By Lior Zaltzman/The Nosher (www.thenosher.com)
Everyone loves Chanukah. Truth is, though, there’s no Jewish holiday that’s as dangerous. Think about it. Open flames? Check! Boiling oil? Check! Sharp graters for latke-making? Check! Try these helpful tips to help you minimize the risks and have a safe and bright Festival of Lights.
LIGHTING THE MENORAH
Don’t leave your menorahs unattended – Never leave a room where a menorah is lit. Either wait for the candles to go out, or put them out yourself if you need to leave the room or house.
Use a non-flammable surface – If you’re putting your menorah on a wooden surface, be sure to lay down aluminum foil or another non-flammable material. Better yet, place your menorah on a stone or marble counter, or glass or metal surface.
Find someplace sturdy – Weebles may wobble and not fall done, but not so menorahs. If your dining room table is a bit wobbly? Don’t put your menorah there! Any piece of furniture with wheels is also a bad idea. Opt for a sturdy, safe surface.
Keep pets away – This might be easier said than done, especially with adventurous cats around, but it’s better to not put that menorah anywhere your pets are known to get to.
Ditto, little tykes – Make sure your menorahs are away from edges and are high enough to deep little hands from grabbing a lit menorah.
Keep paper and fabric away – Put up any decorations far from where you’ll be lighting your menorah. If you’re putting your menorah by the window, make sure there’s no way for the flame to touch those curtains. Keep any papers out of the area where the menorah is lit. And when you’re lighting those candles, make sure they’re far from your clothing and hair!
Don’t light your kid’s art and crafts menorah – Your kids’ hand-made menorahs are super cute –but they can also be fire hazards. Make sure they’re non-flammable before you light candles in them.
FRYING THE LATKES
Check your fire and carbon monoxide detectors – For peace of mind, a week before the festivities, make sure your fire and carbon monoxide detectors are operational.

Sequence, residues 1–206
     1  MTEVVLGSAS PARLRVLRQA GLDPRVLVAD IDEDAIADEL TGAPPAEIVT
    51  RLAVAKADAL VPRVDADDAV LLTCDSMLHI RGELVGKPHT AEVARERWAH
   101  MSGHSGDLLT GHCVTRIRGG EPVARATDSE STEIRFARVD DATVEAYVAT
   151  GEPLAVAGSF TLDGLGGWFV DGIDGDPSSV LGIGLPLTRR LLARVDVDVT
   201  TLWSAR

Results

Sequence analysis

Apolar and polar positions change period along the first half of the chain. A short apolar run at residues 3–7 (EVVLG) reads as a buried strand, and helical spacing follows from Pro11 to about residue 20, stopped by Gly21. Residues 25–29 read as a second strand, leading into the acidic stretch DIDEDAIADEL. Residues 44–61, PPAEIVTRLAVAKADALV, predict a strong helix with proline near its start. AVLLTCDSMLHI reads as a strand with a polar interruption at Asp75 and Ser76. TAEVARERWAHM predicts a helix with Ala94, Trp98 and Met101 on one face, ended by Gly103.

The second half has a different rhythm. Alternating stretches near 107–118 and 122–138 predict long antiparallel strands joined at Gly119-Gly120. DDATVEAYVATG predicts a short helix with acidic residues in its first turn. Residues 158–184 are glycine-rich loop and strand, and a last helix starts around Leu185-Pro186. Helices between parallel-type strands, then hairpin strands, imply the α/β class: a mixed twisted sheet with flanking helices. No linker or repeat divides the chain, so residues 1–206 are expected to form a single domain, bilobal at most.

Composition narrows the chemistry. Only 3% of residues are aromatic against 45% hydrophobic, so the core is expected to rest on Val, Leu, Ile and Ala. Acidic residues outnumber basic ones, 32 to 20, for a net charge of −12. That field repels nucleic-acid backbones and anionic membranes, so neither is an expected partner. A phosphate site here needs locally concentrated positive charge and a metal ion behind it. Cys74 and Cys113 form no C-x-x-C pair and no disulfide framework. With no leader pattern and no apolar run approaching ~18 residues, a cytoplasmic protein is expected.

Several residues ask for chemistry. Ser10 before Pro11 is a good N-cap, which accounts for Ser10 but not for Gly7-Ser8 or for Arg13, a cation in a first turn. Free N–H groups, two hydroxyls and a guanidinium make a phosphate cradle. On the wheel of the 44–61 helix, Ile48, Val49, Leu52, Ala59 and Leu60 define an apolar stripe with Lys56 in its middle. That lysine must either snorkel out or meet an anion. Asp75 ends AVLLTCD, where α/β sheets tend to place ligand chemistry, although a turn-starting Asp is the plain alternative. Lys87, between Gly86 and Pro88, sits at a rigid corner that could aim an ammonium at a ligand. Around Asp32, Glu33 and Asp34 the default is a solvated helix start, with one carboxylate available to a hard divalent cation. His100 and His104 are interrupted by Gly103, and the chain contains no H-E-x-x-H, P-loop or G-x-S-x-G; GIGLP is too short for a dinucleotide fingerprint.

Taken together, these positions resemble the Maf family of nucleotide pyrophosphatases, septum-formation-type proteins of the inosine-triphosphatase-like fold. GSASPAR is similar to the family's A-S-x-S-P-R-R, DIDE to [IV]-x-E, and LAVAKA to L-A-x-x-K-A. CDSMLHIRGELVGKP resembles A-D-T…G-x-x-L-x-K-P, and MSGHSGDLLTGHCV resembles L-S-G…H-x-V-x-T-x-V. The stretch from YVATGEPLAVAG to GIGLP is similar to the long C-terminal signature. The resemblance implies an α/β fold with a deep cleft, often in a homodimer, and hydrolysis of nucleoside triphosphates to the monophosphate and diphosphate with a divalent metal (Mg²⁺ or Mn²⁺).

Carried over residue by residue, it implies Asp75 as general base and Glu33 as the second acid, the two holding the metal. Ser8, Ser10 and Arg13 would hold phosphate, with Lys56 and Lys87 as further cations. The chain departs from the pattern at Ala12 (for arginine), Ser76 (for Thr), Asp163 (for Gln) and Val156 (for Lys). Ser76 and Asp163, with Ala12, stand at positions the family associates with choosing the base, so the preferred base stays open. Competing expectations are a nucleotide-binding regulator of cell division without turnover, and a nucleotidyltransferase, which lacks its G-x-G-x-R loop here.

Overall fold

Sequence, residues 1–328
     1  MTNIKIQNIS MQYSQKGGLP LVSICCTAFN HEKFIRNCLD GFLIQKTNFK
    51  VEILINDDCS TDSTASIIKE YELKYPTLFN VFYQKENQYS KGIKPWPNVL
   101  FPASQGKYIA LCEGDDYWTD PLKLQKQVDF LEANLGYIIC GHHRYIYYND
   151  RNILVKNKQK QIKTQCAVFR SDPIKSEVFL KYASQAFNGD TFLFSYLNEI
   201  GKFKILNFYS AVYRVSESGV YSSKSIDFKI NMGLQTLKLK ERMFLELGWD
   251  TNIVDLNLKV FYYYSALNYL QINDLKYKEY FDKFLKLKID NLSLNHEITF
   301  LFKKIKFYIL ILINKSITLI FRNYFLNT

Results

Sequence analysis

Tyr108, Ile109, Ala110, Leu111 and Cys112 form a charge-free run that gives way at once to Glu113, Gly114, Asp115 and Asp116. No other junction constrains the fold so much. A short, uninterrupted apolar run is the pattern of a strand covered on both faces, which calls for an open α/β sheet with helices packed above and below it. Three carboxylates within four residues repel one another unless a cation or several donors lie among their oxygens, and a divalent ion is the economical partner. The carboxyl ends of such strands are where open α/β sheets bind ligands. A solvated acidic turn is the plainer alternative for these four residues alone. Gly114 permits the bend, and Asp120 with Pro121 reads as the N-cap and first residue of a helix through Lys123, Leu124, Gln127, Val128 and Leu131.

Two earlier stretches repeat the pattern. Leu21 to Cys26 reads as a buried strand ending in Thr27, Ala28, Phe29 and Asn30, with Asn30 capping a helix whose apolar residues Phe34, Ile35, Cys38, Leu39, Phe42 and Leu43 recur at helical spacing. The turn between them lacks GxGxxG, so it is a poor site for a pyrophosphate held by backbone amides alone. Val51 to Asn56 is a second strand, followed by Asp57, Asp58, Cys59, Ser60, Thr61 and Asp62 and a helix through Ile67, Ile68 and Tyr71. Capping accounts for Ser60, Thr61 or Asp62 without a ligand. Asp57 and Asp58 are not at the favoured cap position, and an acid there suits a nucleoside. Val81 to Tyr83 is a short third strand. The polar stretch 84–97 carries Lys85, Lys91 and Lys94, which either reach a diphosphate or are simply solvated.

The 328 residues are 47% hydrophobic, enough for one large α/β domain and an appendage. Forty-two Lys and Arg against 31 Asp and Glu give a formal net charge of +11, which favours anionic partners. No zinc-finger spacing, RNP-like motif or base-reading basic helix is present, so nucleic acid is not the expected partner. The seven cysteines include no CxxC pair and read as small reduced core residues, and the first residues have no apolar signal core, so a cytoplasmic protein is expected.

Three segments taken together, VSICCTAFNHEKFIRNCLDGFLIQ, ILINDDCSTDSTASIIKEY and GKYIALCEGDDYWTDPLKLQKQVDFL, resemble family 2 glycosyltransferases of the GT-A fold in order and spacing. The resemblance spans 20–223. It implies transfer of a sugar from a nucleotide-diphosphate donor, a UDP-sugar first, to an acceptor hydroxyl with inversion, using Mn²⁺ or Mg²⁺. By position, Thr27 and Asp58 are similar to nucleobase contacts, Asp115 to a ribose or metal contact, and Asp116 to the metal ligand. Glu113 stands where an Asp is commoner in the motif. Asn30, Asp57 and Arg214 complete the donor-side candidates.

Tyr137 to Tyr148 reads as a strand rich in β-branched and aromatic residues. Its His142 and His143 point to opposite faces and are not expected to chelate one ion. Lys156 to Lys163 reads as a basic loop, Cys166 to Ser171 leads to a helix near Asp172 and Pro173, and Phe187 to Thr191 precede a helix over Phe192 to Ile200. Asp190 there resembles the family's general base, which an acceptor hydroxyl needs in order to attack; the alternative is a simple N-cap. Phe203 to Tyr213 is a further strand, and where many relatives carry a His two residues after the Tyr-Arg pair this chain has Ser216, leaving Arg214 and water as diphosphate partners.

Never fill your pan with too much oil, and keep it from getting too hot – It’s a good idea to use an oil with a high burning point, like canola oil or olive oil.
Keep your pan and pot handles facing the inside of the stove – It’s a good way to keep them from getting knocked over. You DO NOT want that boiling pan falling on the floor.
Keep young children away from the stove – Total Family Care suggests creating “a 3-foot safety zone around the stove when the latkes are frying,” or using “the further burners so children cannot reach the flames.”
Keep flammable materials away – Keep your hair and shirtsleeves pulled up and away from the flame. Ditto paper towels.
Don’t extinguish a fire with water – In case of a grease fire, turn off the stove and use a pot lid or a baking pan extinguish a grease fire. If that doesn’t work, you can douse it with lots of baking soda.
Keep a good burn cream handy – Let’s be real: accidents happen. If you do get burned, run your burn under cold water right away.
Dispose of your oil properly – Don’t throw that oil down the drain! It will clog your pipes. Instead, let it cool and put it in a closed container that you can throw away.